The New Zealand-Australia trans Tasman travel bubble has been suspended “for at least the next eight weeks”, as the number of Covid-19 cases in Australia rises.
Quarantine-free travel between the two countries was launched in April, but had already been paused with several Australian states earlier this month including New South Wales, Northern Territory, Queensland and Western Australia.
The New Zealand government said that “For the next seven days [from July 23] there will be managed return flights for New Zealanders from all states and territories that will require proof of a negative pre-departure test”.
“Additionally, those who have been in NSW will still have to go into MIQ (Managed isolation Quarantine) for 14 days. And those who have been in Victoria must self-isolate upon return and have a negative Day 3 test.”
The government said that it was working with airlines “to ensure there are flights available over this period, and extend it for a few days if necessary”.
It said that the suspension would “give Australia time to manage its current outbreaks, while giving New Zealand health officials the time to monitor the situation, assess travel developments in other countries and consider different quarantine-free travel settings while ensuring New Zealanders are safe”.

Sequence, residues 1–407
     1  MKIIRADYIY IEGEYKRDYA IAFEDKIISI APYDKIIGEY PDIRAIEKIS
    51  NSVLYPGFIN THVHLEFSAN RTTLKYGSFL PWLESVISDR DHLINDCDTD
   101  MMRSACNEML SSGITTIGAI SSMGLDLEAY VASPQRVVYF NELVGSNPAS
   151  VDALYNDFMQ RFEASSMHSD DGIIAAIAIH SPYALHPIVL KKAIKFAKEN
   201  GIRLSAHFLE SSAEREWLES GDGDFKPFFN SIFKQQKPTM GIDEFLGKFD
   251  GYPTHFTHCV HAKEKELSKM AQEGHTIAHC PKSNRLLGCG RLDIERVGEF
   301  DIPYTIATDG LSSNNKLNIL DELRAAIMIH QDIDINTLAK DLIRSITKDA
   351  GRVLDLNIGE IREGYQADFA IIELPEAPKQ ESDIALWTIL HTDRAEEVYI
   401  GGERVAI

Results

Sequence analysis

Announcing the move New Zealand’s Prime Minister Jacinda Ardern said:
“There are now multiple outbreaks, and in differing stages of containment, that have forced three states into lockdown. The health risk to New Zealanders from these cases is increasing.
“We’ve always said that our response would evolve as the virus evolved. This is not a decision we have taken lightly, but it is the right decision to keep New Zealanders safe.
“Now is the time for a suspension to ensure New Zealanders aren’t put at undue risk from Covid-19 and to ensure we retain our hard won gains. Our team of five million has worked hard to put us in a strong position both health-wise and economically. We will not risk that.
“We do want the bubble to resume. We remain committed to it, and when I spoke to PM Scott Morrison this morning I conveyed this view directly. But it must be safe.”